Bringing More Positivity Into Your Life Could Be As Simple As Doing These 8 Little Things

by Julia Guerra

Sometimes when I’m feeling a bit down in the dumps, I do my best Partridge Family impression and sing the lyric “come on get happy” over and over and over again. Granted, that doesn’t sound nearly as cool as canceling all my plans for the night to soak my troubles in a lavish bubble bath aesthetically fit for the ‘gram, but it does the trick. The way I see it, positivity, like happiness, isn’t a destination; it’s a journey. You need just as many little ways to bring more positivity into your life as you do glamorous ones, otherwise you’re destined to be moody more often than you’d probably like to be, right?

Besides, according to a new paper published in the Journal of Experimental Psychology: General, people tend to become more positive as they get older. Now, in theory, that sounds well and good, but TBH, it’s also really heartbreaking if you think about it. I know myself, and I definitely would have assumed the opposite: that the older you get, the less positive you become, due to the overwhelming amount of responsibilities that #adulting entails. But science rarely steers the universe wrong, and researchers from McLean Hospital’s Laboratory for Brain and Cognitive Health Technology have found evidence that suggests adolescents are less positive than middle-aged or older adults. IMO, we can do better, friends.

For their experiment, per McLean Hospital’s official press release on the study, researchers tested the emotion sensitivity of about 10,000 participants, aged 10 to 85 years old. Study subjects were shown a series of images of faces via TestMyBrain.com, and were asked to identify how the person in the photos was feeling (angry, happy, or fearful). The goal was to figure out which age group was able to a) accurately identify how someone’s feeling, and b) how the participants responded to each of these different facial cues.

After analyzing the participants' interpretations of the images they were shown, the researchers found that, overall, as you get older, you tend to become less sensitive to negativity; in other words, negativity just doesn't really affect you as much once you've nailed the whole #adulting thing. And according to Caroline Maguire, certified executive function and life coach and author of the book Why Will No One Play With Me? (who was not involved in the current study), that sounds about right.

“The more you know about yourself and understand the world around you, the happier you are, because you can anticipate and decode what you need and want,” Maguire tells Elite Daily over email. “As Shakespeare said, 'know thyself.' As we age, we tend to have our personal playbook in hand, so we know what makes us happy, and so we can put the little bumps in the road that life dishes up into perspective.”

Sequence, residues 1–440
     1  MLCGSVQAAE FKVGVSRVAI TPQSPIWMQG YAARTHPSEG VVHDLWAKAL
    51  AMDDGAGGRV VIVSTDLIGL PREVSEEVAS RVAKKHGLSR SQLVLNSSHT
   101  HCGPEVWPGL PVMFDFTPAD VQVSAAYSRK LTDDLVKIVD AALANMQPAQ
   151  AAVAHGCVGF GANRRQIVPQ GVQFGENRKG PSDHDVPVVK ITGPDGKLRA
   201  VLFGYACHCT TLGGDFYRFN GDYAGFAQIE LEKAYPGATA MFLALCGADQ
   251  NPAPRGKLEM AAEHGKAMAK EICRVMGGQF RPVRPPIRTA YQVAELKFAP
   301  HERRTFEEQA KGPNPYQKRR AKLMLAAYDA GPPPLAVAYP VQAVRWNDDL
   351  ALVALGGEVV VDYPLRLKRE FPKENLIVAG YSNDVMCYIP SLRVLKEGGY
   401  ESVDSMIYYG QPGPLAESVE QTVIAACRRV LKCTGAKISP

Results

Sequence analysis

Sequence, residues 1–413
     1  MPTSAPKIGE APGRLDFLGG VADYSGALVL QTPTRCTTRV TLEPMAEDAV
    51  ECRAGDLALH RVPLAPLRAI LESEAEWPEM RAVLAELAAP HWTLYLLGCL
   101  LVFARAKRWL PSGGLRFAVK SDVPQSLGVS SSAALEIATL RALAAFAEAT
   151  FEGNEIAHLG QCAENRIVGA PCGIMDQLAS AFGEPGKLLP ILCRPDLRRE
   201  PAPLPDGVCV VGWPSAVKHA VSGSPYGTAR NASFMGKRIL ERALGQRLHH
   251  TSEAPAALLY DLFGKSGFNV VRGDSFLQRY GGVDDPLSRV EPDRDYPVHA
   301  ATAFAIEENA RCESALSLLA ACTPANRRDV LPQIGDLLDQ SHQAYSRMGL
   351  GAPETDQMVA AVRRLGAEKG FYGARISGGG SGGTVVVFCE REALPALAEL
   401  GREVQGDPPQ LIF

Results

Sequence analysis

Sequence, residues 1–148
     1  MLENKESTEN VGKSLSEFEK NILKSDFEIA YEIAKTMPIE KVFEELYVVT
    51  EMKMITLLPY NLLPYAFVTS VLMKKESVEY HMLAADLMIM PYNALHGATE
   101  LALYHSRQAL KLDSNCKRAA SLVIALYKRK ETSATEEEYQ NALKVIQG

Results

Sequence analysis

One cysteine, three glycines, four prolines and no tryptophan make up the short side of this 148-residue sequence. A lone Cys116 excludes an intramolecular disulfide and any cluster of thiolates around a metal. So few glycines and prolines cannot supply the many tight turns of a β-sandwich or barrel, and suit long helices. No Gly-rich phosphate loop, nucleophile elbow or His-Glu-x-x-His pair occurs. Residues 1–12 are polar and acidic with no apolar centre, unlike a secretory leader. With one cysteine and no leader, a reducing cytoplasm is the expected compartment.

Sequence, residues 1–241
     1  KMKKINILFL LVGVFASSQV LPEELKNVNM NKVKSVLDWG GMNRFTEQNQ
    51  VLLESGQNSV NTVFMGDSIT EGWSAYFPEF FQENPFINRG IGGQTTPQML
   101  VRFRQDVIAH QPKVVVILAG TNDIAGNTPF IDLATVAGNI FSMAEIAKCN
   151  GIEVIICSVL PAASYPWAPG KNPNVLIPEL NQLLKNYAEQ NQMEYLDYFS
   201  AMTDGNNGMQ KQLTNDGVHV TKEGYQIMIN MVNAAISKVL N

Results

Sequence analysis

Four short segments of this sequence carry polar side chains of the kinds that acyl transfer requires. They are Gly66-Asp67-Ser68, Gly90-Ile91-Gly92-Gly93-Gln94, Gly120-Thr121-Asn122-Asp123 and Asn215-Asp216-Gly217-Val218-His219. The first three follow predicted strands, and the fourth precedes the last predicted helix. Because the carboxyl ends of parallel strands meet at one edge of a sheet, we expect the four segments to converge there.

Of course, that's a whole lot easier said than done, as your early 20s, specifically, can be an absolute whirlwind of a time, often full of changes, transitions, and adjustments. Maguire says this can certainly be daunting, especially because this is the time in your life when you're navigating the future.

At the same time, though, positive thinking can make this transition a little easier. So, to help you out, I reached out to a few experts in the space to share their best tips on how to be more positive. Here's what they had to say.

Understand That What You Put Out Into The Universe Is What You Get Back

Positivity is an emotion, but it's also a thought, an action, and even a state of being. You know the age-old saying "change your mind, change your world"? Well, it's not just a cliché. According to Christy Whitman, a transformational leader, celebrity coach, and author of the book The Art of Having It All, channeling positive vibes at a time when you really don't feel positive can actually make all the difference. The trick, Whitman tells Elite Daily, is to think of yourself, and everyone else in the world, for that matter, as "energy towers sending out a signal all day every day, and that signal is communication that goes out to the universe as a vibration asking for what we want in our lives."

In other words, creating more positivity in your life means understanding that what you put out into the world is what you get back. If you're thinking positively, and taking positive steps toward what you want, Whitman says that positivity will come back to you in some way.

Stop Caring About Other People's Opinions Of You

I know, I know — easier said than done, right? But hear me out: As Amy Lombardo, certified empowerment coach, yoga instructor, wellness counselor, and author of the book Brilliance, tells me over email, there's a quote that puts a lot of this into perspective: “When you’re 20, you care what everyone thinks about you. When you’re 40, you stop caring what everyone thinks about you. And when you’re 60, you realize no one was ever thinking about you in the first place.”

It's pretty true when you think about it, right? When you're young, you tend to focus on how others perceive you, and sometimes you'll even try too hard to meet their expectations. But, as you start to grow a little older, and gain a little more life experience, you become more connected with yourself, and you value who you are and what you desire, rather than what others expect of you.